Acacia ferruginea

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Abelmoschus moschatus
Acacia aneura
Acacia angustissima
Acacia aulacocarpa
Acacia auriculiformis
Acacia catechu
Acacia cincinnata
Acacia crassicarpa
Acacia elatior
Acacia erioloba
Acacia etbaica
Acacia ferruginea
Acacia glauca
Acacia holosericea
Acacia karroo*
Acacia koa
Acacia laeta
Acacia lahai
Acacia leptocarpa
Acacia leucophloea
Acacia mangium
Acacia mearnsii*
Acacia melanoxylon
Acacia mellifera
Acacia nilotica subsp nilotica
Acacia pachycarpa
Acacia pennatula
Acacia polyacantha ssp. polyacantha
Acacia saligna
Acacia senegal
Acacia seyal
Acacia sieberiana
Acacia tortilis
Acacia xanthophloea
Acrocarpus fraxinifolius
Adansonia digitata
Adenanthera pavonina
Aegle marmelos
Afzelia africana
Afzelia quanzensis
Agathis macrophylla
Agathis philippinensis
Ailanthus altissima
Ailanthus excelsa
Ailanthus triphysa
Albizia adianthifolia
Albizia amara
Albizia anthelmintica
Albizia chinensis
Albizia coriaria
Albizia ferruginea
Albizia gummifera
Albizia julibrissin
Albizia lebbeck
Albizia odoratissima
Albizia procera
Albizia saman
Albizia versicolor
Albizia zygia
Aleurites moluccana
Allanblackia floribunda
Allanblackia stuhlmannii
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Arenga pinnata
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Artemisia annua
Artocarpus altilis
Artocarpus camansi
Artocarpus heterophyllus
Artocarpus integer
Artocarpus lakoocha
Artocarpus mariannensis
Asimina triloba
Ateleia herbert-smithii
Aucomea klaineana
Averrhoa bilimbi
Averrhoa carambola
Azadirachta excelsa
Azadirachta indica
Azanza garckeana

Local names:
Gujarati (khaiger), Hindi (khaiger,kanta chira,kaigu,banni,ansandra), Nepali (khour)

Acacia ferruginea is normally a smallish, drought-resistant, deciduous tree, not more than 12 m tall and 50 cm DBH. Commonly attaining 35 cm DBH with a bole rarely straight for more then 2-3 m. Branches slender, armed with conical prickles; spine persist on bole until it reaches about 15 cm DBH. Twigs are zigzag at nodes, wiry, glabrous, green or reddish. Primary roots are long, thin, tapering, wiry, yellow to brown.

Leaves alternate; prickles twin, infra-stipular, slightly curved. Common petiole 7-15 cm long; pinnae 4-6 pairs; leaflets 15-30 pairs, grey to glacuous (almost white when dry), linear, 0.6-1.25 cm long.

Flowers pale yellow in numerous lax axillary spikes about 14 cm long, which are often panicled at the end of the branches. Corolla white, glabrous, 2-3 times as long as the calyx.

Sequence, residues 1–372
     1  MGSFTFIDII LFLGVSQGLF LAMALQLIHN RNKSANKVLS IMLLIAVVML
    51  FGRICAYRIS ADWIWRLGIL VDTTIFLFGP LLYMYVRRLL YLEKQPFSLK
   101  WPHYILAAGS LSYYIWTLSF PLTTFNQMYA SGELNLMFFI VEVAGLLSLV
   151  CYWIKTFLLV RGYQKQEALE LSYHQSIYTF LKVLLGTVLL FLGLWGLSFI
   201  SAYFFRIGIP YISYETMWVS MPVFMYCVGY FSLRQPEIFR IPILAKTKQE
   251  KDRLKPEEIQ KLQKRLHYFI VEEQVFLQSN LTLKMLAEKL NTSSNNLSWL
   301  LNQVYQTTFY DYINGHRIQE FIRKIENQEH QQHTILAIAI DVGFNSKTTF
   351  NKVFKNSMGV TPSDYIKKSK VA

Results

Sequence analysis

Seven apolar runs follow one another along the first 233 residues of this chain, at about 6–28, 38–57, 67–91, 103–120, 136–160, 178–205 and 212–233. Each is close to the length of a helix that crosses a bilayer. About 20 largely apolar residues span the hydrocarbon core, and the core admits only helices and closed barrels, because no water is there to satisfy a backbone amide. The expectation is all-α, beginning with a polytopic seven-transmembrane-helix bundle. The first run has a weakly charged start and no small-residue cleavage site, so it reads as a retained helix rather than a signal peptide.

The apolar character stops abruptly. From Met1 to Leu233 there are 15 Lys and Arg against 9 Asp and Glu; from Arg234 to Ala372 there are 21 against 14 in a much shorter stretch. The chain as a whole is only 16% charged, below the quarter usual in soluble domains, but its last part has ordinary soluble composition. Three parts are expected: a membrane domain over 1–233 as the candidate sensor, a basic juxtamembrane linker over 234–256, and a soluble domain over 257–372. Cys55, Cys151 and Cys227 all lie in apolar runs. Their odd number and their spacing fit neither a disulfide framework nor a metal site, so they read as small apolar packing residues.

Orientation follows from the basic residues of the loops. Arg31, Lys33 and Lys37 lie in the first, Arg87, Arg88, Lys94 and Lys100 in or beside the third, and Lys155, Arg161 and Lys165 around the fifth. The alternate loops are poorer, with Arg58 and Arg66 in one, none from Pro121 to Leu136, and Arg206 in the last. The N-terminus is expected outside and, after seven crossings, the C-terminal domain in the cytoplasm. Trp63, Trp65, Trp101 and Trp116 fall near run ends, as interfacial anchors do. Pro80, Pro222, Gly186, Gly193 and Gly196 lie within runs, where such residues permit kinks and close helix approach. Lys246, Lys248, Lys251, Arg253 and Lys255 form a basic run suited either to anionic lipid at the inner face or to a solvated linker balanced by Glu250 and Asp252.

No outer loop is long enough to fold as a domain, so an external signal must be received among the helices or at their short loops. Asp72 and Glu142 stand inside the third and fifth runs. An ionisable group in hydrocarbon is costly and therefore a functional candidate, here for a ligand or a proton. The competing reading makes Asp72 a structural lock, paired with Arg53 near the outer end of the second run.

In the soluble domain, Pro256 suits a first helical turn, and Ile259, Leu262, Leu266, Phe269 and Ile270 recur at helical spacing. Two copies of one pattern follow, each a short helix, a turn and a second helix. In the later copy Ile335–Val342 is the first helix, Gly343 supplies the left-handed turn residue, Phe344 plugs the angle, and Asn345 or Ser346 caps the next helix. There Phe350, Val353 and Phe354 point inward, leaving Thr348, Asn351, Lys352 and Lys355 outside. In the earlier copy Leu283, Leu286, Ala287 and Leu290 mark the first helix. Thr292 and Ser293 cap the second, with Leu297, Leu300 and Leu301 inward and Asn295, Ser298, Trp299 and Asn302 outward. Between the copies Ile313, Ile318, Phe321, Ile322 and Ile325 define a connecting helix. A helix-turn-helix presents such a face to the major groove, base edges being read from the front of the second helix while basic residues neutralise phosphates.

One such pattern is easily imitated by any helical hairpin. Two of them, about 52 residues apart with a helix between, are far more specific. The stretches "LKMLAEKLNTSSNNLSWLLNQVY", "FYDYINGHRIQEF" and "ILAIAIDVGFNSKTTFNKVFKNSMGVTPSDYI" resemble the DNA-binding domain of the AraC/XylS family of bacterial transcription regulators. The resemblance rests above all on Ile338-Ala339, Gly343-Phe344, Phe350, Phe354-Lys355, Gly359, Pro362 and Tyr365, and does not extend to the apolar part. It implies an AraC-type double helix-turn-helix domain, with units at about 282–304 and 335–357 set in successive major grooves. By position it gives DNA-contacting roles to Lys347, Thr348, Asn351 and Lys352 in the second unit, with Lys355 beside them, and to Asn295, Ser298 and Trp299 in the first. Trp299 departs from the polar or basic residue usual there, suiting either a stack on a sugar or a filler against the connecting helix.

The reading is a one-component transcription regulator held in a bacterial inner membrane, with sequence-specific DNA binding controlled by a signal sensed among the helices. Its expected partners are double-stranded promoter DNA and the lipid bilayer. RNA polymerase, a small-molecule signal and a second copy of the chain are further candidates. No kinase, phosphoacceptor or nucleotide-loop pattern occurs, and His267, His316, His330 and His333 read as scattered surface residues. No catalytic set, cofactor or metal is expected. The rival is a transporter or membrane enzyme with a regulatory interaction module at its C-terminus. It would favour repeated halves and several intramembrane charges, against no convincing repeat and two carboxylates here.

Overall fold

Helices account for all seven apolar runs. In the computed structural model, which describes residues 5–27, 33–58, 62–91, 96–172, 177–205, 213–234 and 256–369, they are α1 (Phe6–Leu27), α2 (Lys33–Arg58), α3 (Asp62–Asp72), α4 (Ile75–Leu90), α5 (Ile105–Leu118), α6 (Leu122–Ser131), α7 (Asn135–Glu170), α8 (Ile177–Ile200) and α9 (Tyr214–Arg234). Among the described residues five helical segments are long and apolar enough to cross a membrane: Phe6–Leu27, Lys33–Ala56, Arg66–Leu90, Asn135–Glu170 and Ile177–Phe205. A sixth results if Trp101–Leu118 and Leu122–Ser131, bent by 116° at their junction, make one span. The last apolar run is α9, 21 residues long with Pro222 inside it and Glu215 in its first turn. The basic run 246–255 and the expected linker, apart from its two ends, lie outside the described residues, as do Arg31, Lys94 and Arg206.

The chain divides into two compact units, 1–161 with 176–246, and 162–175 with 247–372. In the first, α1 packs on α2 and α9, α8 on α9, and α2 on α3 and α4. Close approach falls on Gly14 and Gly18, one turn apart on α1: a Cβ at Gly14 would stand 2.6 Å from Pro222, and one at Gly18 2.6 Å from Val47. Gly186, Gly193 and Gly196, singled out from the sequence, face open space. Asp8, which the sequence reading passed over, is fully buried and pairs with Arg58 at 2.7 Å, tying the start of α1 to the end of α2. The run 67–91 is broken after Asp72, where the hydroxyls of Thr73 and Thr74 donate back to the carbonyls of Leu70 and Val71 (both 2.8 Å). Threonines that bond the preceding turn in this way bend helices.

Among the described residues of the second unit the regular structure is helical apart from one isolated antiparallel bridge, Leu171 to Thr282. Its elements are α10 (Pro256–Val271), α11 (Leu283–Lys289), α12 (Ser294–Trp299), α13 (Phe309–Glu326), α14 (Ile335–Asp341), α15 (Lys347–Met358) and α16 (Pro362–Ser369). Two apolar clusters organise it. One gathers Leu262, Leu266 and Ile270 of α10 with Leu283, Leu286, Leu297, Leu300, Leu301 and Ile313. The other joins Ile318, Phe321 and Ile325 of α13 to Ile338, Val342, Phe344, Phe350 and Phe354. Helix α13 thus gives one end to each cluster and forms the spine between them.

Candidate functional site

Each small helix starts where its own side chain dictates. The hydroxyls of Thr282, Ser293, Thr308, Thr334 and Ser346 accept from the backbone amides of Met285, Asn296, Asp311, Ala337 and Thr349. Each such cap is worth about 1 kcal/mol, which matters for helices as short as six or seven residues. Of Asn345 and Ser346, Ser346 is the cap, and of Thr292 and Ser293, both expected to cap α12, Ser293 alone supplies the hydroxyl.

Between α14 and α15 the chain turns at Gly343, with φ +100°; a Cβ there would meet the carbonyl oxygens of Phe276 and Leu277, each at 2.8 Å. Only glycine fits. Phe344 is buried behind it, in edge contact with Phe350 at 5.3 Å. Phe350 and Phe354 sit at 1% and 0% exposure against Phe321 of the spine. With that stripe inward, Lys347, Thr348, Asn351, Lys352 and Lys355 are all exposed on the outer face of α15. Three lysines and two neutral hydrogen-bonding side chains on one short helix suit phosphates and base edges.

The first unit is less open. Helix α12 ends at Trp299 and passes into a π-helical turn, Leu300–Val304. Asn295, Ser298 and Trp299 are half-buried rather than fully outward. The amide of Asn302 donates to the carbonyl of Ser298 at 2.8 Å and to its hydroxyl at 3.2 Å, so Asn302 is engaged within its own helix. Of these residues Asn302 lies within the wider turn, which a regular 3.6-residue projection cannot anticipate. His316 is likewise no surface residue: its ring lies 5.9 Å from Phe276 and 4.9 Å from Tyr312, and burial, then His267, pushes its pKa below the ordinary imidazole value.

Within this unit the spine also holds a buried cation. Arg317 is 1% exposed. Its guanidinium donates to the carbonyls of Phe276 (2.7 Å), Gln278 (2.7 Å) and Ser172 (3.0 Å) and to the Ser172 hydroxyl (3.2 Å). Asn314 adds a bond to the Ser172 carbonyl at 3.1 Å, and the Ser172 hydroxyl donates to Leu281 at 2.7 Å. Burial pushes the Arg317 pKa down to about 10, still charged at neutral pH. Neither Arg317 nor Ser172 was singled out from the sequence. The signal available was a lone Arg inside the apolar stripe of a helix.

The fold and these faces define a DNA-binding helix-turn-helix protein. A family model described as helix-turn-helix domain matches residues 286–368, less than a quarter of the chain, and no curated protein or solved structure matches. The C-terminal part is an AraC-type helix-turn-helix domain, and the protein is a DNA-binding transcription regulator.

Pods glabrous, 7-18 x 2-2.5 cm, contain a dry sweetish pulp, dark brown and pinnately dehiscent, 3-7 seeded.

Seeds 0.5-0.7 x 0.35-0.5 cm, flat ovate, oblong, distinctly stalked, and this is a diagnostic feature, greenish to brown.

The generic name ‘acacia’ comes from the Greek word ‘akis’, meaning point or barb.


A. ferruginea is found in the Peninsular India, from Gujarat to Gunjam in the east. It is occasional in the scrub in Southern interior and occurs in the dry forests of Sri Lanka.

Native range
India, Nepal, Sri Lanka

Tree management

It coppices and pollards well up to a moderate age; less when old. It is a traditional practice in India to retain the old growth or new growth of Acacia ferruginea in the middle of cultivated land. Tree densities of 50-70/ha are common. The saplings grow slowly in open grazing lands due to browsing, but they grow fast on field bunds and in loose soils of cultivated areas. 

Farmers recognize and protect the naturally propagated saplings in their fields, due to the trees religious significance.

Seeds weigh about 5 900/kg. They germinate freely without any pre-treatment and retain viability for about 1 year if stored properly in pest-free conditions.

A. ferruginea is found in the Peninsular India, from Gujarat to Gunjam in the east. It is occasional in the scrub in Southern interior and occurs in the dry forests of Sri Lanka.

Naturally propagated through seed and root suckers, trees can also be raised in nursery but direct sowing in the field is preferred. Seeds are dibbled on mounds at wide spacing.

Leaves are lopped for fodder.

Timber:  Wood is very heavy (1120-1168kg/Cubic M), straight grained and very coarse-textured. Sapwood is thick; yellowish white. Heartwood is olive-brown, turning darker with age. It can be seasoned well with considerable care. The wood is mostly used in cartwheels, posts, beams and agricultural implements. 

Medicine:  A bark decoction, in conjunction with ginger is frequently used as an astringent for the teeth.

Nitrogen fixing:  A. ferruginea is a nitrogen-fixing species.

Intercropping:  Various arable crops from ground nuts and sorghum are grown with the trees. It has been observed that this tree does not interfere with the growth of trees in the farm. In some crops there is even an apparent advantage when grown under the canopies of such trees.

Alcohol:  The bark is steeped in jaggery and then distilled, yielding intoxicating liquor

Other services: Lac insect feed on this tree.